Canadians eat approximately three billion bananas a year; it’s our favorite fruit. But a recent news story suggests the bananas we enjoy so much could be extinct within 10 years.
The villain is a fungus by the ominous name of Black Sigatoka that’s spreading out of control through the banana-growing countries of the world, threatening the handful of banana varieties that are the mainstay of the banana industry.
These bananas are vulnerable for the same reason they’re seedless: they’re the descendants of sterile mutants of wild bananas, which are so full of hard seeds they’re inedible. Thousands of years ago humans discovered the seedless variety, which propagates by putting out runners, and spread edible bananas around the world.
But because bananas propagate from runners, every edible banana of the same variety is essentially a clone of every other edible banana of that variety. It does not evolve, and so it cannot develop disease resistance. And that makes it that much easier for one particular disease or parasite, like the Black Sigatoka fungus, to spread like wildfire.
Bananas, everyone knows, grows on banana trees–but everyone is wrong. The banana tree isn’t a tree at all. It’s a herb–even though one wild variety can grow up to 15 metres high. As the leaves unfold, they overlap each other to form a “trunk”–properly called a “pseudostem.” The plant dies once the bananas are harvested, but first it puts out sideways stalks, or “ramifications,” which can be used to start new copies of the plant.
The plant flowers in its sixth or seventh month, then begins growing bananas, which can be harvested after nine to 12 months. Harvesting is a two-man job: one cuts the stalk and the other stands by to help maneuver the bunch (which can weigh 25 kilograms or more) onto a padded tray (to protect from bruising), which is then transported to the packing station.
Bananas ripen quickly and suddenly. When a banana starts to ripen, it produces a gaseous plant hormone called ethylene that kicks off a biochemical cascade of events: starches change to sugar, tissues soften, and the chlorophyll in the skin is destroyed, causing the skin to turn yellow. The ethylene emitted also hastens the ripening of other nearby bananas. Humans take advantage of this by ripening green bananas to demand in ripening halls; ethylene is released into the air to kick-start the process.
The sweet “dessert” bananas we like account for only about 15 percent of the 95 million tons of bananas grown annually. Most are plantains and other starchy cooking bananas that are used more like vegetables than fruit: they’re fried, grilled, boiled, stewed, dried when green and ground into flour for bread, turned into ketchup, brewed into beer. The stem and leaves also have uses as building materials and as a source of fibers for everything from clothes to fishing nets to banknotes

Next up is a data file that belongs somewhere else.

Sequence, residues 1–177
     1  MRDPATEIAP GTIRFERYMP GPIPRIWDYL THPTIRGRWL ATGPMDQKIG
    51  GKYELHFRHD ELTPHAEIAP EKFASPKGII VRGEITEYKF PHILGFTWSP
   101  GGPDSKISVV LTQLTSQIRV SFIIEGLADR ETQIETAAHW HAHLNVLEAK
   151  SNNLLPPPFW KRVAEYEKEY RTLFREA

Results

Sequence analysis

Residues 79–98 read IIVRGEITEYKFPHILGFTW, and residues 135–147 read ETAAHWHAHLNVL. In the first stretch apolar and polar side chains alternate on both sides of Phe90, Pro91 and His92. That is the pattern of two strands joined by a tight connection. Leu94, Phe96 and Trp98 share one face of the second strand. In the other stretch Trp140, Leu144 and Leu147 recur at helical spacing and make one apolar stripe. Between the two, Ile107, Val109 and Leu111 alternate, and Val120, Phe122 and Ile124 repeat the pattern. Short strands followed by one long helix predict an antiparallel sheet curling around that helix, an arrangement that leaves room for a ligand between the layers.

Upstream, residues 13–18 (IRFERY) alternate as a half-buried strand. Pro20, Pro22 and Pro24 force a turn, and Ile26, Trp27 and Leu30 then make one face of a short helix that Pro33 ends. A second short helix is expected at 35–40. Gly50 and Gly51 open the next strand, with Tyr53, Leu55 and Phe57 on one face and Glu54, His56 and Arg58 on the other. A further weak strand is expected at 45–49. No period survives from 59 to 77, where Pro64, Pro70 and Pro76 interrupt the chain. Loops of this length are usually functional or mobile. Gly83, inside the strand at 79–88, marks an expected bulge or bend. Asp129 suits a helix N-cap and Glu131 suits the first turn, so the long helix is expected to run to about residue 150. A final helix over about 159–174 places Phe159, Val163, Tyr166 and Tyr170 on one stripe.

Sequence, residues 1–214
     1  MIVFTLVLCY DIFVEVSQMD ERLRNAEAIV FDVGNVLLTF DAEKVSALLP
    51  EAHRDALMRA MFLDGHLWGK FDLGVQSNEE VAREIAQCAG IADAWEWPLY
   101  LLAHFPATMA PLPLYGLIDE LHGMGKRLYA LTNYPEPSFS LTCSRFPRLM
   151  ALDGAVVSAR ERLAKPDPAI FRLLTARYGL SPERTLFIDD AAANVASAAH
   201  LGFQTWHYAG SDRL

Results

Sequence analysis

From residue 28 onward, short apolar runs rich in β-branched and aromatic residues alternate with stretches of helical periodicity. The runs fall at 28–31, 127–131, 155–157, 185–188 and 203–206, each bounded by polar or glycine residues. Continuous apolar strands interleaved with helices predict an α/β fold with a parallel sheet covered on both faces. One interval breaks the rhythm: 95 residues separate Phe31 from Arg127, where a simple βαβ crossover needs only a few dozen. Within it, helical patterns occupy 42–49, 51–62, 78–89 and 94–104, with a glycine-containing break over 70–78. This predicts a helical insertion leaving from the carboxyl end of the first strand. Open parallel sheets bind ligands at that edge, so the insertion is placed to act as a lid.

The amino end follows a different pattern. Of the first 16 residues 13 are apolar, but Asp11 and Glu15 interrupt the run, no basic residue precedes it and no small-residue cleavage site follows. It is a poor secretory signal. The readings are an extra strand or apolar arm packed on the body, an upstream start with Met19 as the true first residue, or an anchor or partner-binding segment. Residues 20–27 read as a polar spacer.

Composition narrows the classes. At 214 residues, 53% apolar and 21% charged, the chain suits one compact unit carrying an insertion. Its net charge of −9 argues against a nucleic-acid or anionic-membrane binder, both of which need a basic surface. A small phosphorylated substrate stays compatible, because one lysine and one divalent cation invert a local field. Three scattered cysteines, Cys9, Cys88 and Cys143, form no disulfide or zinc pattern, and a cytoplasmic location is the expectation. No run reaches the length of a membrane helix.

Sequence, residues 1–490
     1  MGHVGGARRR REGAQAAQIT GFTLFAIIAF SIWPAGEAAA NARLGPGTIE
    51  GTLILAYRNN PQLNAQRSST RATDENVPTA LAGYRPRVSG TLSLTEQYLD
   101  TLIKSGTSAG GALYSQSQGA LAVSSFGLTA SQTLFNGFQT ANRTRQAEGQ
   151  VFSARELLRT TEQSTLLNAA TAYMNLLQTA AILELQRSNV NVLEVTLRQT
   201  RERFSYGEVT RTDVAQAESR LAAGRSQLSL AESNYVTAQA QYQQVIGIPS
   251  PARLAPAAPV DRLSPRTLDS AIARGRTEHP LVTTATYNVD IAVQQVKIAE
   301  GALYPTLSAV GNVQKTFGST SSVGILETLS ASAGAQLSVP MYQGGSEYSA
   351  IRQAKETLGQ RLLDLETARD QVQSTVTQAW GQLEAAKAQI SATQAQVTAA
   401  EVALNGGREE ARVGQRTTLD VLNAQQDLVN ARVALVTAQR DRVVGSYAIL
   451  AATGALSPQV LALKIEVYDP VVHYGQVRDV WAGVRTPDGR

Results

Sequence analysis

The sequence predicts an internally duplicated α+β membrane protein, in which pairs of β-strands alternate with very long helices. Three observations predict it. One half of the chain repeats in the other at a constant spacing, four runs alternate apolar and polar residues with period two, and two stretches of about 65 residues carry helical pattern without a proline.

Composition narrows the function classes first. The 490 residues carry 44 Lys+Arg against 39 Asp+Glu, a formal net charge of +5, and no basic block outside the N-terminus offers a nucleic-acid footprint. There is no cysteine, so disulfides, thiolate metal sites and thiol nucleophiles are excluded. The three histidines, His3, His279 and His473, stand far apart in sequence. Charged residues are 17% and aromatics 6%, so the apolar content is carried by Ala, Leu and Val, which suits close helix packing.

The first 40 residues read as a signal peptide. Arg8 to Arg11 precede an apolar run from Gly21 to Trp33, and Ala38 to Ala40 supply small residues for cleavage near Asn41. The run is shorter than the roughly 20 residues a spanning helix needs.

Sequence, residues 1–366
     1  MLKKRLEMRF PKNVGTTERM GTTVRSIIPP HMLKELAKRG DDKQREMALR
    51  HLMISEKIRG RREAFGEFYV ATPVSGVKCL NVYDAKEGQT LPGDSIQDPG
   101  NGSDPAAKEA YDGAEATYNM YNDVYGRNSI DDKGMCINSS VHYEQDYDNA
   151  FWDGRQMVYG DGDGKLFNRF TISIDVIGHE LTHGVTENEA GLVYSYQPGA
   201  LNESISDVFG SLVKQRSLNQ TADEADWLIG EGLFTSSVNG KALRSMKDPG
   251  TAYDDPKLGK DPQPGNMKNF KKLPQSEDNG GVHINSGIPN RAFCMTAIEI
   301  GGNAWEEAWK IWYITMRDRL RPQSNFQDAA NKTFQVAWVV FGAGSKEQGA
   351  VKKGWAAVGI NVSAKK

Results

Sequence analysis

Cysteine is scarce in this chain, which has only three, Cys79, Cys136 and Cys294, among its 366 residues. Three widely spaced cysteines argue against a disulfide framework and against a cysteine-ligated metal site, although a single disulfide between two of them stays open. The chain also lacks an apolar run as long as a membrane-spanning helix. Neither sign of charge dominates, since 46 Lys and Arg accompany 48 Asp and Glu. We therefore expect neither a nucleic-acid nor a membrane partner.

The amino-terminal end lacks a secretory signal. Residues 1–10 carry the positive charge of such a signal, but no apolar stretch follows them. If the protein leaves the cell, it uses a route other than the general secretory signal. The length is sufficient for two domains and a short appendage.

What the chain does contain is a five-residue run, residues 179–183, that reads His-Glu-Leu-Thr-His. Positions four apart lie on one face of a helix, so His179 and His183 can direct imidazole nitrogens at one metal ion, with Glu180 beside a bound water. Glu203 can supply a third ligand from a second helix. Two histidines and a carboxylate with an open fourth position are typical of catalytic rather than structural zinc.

As a result, bananas are the world’s fourth most important food crop, after rice, wheat and maize. Nine out of every 10 bananas is consumed locally, providing vital nutrition for more than 400 million people–not only calories (some people rely on bananas for up to half their daily calories) but vitamins A, C and B6, and calcium, potassium and phosphorus, among other useful things. Which makes Black Sigatoka a serious threat indeed.
To be fair, “extinction” is too strong a word: bananas as a species aren’t going anywhere. There are more than 500 edible varieties, and more than 1000 varieties in all. Most of the edible ones, though, are only grown locally, in small plots. The banana industry depends primarily on plantains and the Cavendish dessert variety we eat, which took over as top banana (sorry) from the Gros Michel variety about 50 years ago–because the Gros Michel variety was almost wiped out by disease.
Because of that, a group of researchers are trying to sequence the genetic blueprint of the banana within the next few years. They’re focusing on inedible wild bananas which are resistant to Black Sigatoka, in the hope they might be able to use genes from those bananas to genetically engineer a new disease-resistant strain of edible banana.
They face challenges. Very few researchers are pursuing the work; the large banana producers aren’t backing the research because of the cost and because they’re afraid consumers won’t accept a genetically modified banana.
So enjoy your bananas now. In a few years, you may not be able to.